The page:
Respondent’s <shoesmall.info> domain name resolves to a website containing adult-oriented content. The Panel finds that such a use of the disputed domain name is not a bona fide offering of goods or services under Policy ¶ 4(c)(i) or a legitimate noncommercial or fair use under Policy ¶ 4(c)(iii). See Target Brands, Inc. v. Bealo Group S.A., FA 128684 (Nat. Arb. Forum Dec. 17, 2002) (finding that use of the <targetstore.net> domain name to redirect Internet users to an adult-oriented website did not equate to a bona fide offering of goods or services under Policy ¶ 4(c)(i), or a legitimate noncommercial or fair use of a domain name under Policy ¶ 4(c)(iii)); see also Am. Online, Inc. v. Boch, FA 209902 (Nat. Arb. Forum Dec. 22, 2003) (“Respondent uses <aol-x.com> in connection with pornographic material, which is not a bona fide offering of goods or services, nor a legitimate noncommercial or fair use of the domain name, pursuant to Policy ¶¶ 4(c)(i) [and] (iii).”).
The Panel finds that Policy ¶ 4(a)(ii) has been satisfied.
Since Respondent registered the <shoesmall.info> domain name on February 9, 2009, the disputed domain name has resolved to an adult-oriented website. The Panel finds that Respondent’s use of the disputed domain name in such a manner constitutes bad faith registration and use under Policy ¶ 4(b)(iv). See Google Inc. v. Bassano, FA 232958 (Nat. Arb. Forum Mar. 8, 2004) (holding that the respondent’s use of the <googlesex.info> domain name to intentionally attract Internet users to a website featuring adult-oriented content constituted bad faith registration and use under Policy ¶ 4(b)(iv)); see also Six Continents Hotels, Inc. v. Nowak, D2003-0022 (WIPO Mar. 4, 2003) ( “[W]hatever the motivation of Respondent, the diversion of the domain name to a pornographic site is itself certainly consistent with the finding that the Domain Name was registered and is being used in bad faith.”).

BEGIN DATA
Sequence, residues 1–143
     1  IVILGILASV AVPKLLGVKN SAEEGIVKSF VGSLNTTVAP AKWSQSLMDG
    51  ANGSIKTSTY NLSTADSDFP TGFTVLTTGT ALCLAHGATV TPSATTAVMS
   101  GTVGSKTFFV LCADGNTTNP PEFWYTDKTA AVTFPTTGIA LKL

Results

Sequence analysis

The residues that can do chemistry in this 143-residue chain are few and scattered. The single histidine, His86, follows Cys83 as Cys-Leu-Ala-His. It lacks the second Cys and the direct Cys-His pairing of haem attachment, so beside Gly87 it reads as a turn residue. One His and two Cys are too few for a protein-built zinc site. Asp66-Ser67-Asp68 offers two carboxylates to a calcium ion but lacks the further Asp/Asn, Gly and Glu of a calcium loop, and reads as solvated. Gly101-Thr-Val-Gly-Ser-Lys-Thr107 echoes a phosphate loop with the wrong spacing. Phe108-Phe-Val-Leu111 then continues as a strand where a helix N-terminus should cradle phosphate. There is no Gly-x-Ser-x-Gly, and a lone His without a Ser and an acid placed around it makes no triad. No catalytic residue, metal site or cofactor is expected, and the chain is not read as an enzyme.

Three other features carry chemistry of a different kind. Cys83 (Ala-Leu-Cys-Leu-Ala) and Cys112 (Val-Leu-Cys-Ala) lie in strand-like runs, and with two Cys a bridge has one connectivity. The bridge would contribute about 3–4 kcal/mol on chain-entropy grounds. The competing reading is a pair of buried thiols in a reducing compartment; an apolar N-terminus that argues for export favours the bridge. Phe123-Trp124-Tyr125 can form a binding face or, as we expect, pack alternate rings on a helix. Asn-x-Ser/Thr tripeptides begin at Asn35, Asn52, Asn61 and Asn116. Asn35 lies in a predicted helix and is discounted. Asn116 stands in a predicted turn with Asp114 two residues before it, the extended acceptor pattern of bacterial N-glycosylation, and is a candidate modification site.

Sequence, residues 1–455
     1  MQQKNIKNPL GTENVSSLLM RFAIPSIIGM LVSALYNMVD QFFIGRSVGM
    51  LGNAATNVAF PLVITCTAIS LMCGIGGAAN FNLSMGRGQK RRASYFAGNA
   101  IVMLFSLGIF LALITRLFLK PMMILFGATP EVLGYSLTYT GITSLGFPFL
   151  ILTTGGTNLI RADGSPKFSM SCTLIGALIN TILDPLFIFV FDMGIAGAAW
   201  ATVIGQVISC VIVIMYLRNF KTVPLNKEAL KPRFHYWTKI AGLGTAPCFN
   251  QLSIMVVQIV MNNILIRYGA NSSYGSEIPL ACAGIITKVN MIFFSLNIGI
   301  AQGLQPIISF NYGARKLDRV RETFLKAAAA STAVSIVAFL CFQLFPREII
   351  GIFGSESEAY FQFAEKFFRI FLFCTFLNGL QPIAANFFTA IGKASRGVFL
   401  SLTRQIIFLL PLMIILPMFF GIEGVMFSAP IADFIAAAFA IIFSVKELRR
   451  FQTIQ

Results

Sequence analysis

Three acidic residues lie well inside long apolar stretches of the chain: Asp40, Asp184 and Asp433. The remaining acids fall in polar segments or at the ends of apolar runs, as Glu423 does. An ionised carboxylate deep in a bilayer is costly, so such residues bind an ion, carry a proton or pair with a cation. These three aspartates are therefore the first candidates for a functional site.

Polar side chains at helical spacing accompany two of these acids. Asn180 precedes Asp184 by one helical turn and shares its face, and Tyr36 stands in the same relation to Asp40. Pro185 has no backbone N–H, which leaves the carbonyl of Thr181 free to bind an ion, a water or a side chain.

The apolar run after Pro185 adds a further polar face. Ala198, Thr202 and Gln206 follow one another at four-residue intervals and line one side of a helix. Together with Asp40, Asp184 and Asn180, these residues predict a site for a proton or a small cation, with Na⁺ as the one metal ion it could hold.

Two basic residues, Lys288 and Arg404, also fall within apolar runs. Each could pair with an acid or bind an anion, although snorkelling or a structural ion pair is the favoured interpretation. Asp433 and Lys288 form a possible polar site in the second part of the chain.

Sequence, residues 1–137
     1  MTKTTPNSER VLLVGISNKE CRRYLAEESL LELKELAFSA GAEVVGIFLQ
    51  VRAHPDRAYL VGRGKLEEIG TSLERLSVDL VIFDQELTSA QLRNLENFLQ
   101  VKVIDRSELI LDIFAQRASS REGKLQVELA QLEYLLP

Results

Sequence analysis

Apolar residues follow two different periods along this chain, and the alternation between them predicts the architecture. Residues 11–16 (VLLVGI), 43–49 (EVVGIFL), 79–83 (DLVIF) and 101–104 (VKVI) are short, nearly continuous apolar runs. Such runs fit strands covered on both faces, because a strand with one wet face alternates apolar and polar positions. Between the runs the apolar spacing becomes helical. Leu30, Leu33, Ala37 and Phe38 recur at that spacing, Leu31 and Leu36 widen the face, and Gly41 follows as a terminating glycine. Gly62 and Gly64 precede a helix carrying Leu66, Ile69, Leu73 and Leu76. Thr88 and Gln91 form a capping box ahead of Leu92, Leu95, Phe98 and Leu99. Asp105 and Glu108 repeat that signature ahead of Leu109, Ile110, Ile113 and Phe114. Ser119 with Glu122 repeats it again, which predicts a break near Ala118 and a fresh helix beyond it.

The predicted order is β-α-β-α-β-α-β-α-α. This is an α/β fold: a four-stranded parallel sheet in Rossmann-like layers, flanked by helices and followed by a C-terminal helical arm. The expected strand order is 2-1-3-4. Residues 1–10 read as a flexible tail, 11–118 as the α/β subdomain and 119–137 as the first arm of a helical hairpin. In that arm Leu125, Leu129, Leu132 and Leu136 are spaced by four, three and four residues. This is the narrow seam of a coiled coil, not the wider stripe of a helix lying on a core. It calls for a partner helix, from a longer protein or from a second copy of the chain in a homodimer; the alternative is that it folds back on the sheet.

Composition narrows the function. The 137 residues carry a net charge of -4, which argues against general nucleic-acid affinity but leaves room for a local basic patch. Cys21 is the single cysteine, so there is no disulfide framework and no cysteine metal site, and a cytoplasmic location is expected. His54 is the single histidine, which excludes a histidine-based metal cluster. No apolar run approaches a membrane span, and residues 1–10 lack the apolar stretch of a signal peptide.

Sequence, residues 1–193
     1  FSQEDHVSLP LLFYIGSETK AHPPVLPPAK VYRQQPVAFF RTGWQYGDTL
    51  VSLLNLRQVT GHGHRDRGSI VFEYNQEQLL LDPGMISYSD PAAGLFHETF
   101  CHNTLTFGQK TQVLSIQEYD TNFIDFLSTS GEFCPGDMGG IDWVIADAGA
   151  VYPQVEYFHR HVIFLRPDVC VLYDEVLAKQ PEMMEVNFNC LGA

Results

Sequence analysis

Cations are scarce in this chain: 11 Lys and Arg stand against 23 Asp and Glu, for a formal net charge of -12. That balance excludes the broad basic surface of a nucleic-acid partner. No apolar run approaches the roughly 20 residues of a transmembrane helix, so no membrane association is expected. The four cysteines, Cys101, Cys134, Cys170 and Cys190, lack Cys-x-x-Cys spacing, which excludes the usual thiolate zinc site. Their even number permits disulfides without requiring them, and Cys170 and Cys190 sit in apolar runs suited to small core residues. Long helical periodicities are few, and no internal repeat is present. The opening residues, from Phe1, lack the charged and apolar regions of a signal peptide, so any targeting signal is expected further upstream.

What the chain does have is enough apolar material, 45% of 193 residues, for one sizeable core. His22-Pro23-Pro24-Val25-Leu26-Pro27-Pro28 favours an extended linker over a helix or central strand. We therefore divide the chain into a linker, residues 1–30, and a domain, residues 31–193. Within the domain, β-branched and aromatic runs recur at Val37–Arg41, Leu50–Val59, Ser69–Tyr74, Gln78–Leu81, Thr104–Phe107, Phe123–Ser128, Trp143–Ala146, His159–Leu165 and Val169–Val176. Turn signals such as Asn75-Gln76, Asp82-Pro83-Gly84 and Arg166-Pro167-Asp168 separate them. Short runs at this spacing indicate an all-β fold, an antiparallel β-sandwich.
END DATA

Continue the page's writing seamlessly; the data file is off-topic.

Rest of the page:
The Panel finds that Policy ¶ 4(a)(iii) has been satisfied.
Having established all three elements required under the ICANN Policy, the Panel concludes that relief shall be GRANTED.
Accordingly, it is Ordered that the <shoesmall.info> domain name be TRANSFERRED from Respondent to Complainant.
Sandra J. Franklin, Panelist
Dated: February 3, 2010